Oligodendrocytes are the glia that specialize to form the myelin sheath around many axonal projections.

Parietal lobes

Parietal lobes on each side of the brain process sensory data, among other functions.


Patterning is the process whereby the brain perceives sensory data and generates patterns by relating new information with previously learned material or chunking material into pattern systems it has used before. Education is about increasing the patterns children can use, recognize, and communicate. As the ability to see and work with patterns expands, the executive functions are enhanced. Whenever new material is presented in such a way that children see relationships, they can generate greater brain cell activity (formation of new neural connections) and achieve more successful patterns for long-term memory storage and retrieval.

Positron Emission Tomography (PET scans)

Radioactive isotopes are injected into the blood attached to molecules of glucose. As a part of the brain is more active, its glucose and oxygen demands increase. The isotopes attached to the glucose give off measurable emissions used to produce maps of areas of brain activity. The higher the radioactivity count, the greater the activity taking place in that portion of the brain.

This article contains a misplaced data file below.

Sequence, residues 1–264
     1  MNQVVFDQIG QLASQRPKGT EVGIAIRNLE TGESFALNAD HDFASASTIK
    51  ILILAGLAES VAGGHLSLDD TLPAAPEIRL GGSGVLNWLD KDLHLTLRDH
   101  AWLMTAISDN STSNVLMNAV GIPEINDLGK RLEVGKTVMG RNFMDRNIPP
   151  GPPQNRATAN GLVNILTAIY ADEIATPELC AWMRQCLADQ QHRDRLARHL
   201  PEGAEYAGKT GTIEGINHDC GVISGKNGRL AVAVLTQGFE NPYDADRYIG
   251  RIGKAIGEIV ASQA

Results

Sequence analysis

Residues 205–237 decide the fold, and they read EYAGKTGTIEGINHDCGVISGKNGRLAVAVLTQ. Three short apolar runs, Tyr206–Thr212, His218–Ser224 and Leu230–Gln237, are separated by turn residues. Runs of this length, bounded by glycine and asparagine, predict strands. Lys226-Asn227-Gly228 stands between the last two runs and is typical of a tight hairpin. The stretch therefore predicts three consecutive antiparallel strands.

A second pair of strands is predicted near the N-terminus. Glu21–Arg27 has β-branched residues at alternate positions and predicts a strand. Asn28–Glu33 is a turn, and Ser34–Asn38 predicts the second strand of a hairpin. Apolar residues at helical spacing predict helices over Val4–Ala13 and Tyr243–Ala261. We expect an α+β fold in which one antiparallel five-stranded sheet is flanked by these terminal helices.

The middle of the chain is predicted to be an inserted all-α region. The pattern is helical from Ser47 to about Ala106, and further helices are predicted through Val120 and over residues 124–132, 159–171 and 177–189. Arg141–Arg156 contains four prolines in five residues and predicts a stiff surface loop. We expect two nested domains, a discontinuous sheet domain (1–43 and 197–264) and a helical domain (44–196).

PET scanning can show blood flow, oxygen, and glucose metabolism in the tissues of the working brain that reflect the amount of brain activity in these regions while the brain is processing sensory input (information). The biggest drawback of PET scanning is that because the radioactivity decays rapidly, it is limited to monitoring short tasks. fMRI technology does not have this same time limitation and has become the preferred functional imaging technique in learning research.


Prediction is what the brain does with the information it patterns. Prediction occurs when the brain has enough information in a patterned memory category that it can find similar patterns in new information and predict what the patterns mean. For example if you see the number sequence 3,6,9,12…,.. you predict the next number will be 15 because you recognize the pattern of counting by threes.